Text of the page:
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We need more research on hangovers, scientist argues

Everyone seems to have a go-to hangover remedy. Some people swear a Prairie Oyster—raw egg, Worcestershire sauce, and a splash of hot sauce—makes the nausea and headache subside (or maybe the beverage is so disgusting people forget they’re hung over?). Others believe a greasy breakfast makes them feel OK again. Still some crack open a beer, believing that only the hair of the dog can help them. But are all these efforts useless? Is it even possible to get rid of a hangover?  

The only sure way to avoid a hangover is, of course, to abstain from drinking. But there are at least some science-backed ways to make the symptoms more bearable, says Alyson Mitchell, a professor and John Kinsella Chair in the department of food science and technology at the University of California, Davis. 

Every year U.S. companies lose an estimated $148 billion on hangovers, says Alyson Mitchell, but experts know little about them. Hangovers cost so much because so many people miss work and if they do show, they flub basic tasks because being hung over makes people a bit, well, stupid. That's just one example of why we need more research on hangovers, Mitchell argued during a presentation at the American Chemical Society's annual meeting. 

“The interesting thing about a hangover is that really it is a metabolic storm that is going on,” says Mitchell, a professor and John Kinsella Chair in the department of food science and technology at University of California, Davis. Hangovers involve a variety of systems, causing headaches, stomach discomfort, and immune responses like out-of-control inflammation. 

Mitchell notes that there a wealth of research on alcohol and alcoholism, but there is little research on hangovers (PubMed has more than 700,000 articles on alcohol and only 400 on hangovers). While she believes researchers might shy away from studying hangovers because finding a hangover cure might encourage excessive drinking, she thinks that examining hangovers can improve our understanding of how the immune systems, metabolisms, GI systems react to alcohol. 

“We really don’t know much about a hangover and it is an incredibly puzzling response—the symptoms only show up after all the alcohol is metabolized and gone from the body. And that in itself is amazing,” says Mitchell.  “The fact that something is the most toxic after it has been eliminated from the body [is unusual].”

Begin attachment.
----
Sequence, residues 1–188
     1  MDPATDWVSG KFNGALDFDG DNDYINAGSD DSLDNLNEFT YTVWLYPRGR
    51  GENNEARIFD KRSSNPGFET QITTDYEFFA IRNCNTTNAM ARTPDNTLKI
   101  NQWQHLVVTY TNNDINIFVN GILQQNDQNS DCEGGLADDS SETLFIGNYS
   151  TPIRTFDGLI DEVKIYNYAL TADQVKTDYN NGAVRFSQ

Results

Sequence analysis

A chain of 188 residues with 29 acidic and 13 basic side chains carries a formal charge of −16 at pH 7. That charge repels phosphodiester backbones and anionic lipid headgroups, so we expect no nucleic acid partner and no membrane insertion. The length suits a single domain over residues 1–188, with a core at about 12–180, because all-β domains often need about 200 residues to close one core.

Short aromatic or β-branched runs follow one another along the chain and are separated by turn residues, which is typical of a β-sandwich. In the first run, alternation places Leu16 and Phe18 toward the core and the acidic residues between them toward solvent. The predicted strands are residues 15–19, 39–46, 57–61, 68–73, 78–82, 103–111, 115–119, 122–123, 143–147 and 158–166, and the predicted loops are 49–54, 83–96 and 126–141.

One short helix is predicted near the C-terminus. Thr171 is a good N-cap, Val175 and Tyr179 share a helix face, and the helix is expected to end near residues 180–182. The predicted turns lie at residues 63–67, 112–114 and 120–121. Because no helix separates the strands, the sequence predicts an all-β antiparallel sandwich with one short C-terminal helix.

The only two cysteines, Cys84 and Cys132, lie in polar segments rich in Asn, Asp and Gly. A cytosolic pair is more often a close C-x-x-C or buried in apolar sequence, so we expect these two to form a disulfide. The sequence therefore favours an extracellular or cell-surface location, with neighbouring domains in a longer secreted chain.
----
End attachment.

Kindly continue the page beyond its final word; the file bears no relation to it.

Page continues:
On to the “cures”: One way to avoid hangover symptoms is to drink water while you’re drinking alcohol. Alcohol works as a diuretic causing that achy head (so does caffeine; consuming alcohol and an energy drink will double that hangover). 

“You lose a lot of liquid through urination—four times as much water is lost as you take in,” Mitchell explains. “Ethanol is also a vasodilator and that [also] causes some of the headache issues.”  

People can also treat that icky hangover feeling by drinking fruit juice, which helps us hydrate and replace carbohydrates lost from drinking.  It’s also why eating toast or crackers sometimes makes us feel better.

Prior to drinking, people should eat a high fat meal, something that includes olive oil, meat, or dairy. The fat coats the stomach, meaning it takes the body longer to absorb the alcohol. The day after drinking, eating eggs helps replace cysteine, an amino acid, lost from alcohol consumption. Our bodies don’t easily replenish the amino acid and cysteine-rich eggs help restore it.  

”Hangovers are so common and prevalent in every society,” she says. “[Yet] I found it to be almost shocking that there is so little real research done on hangovers.” 


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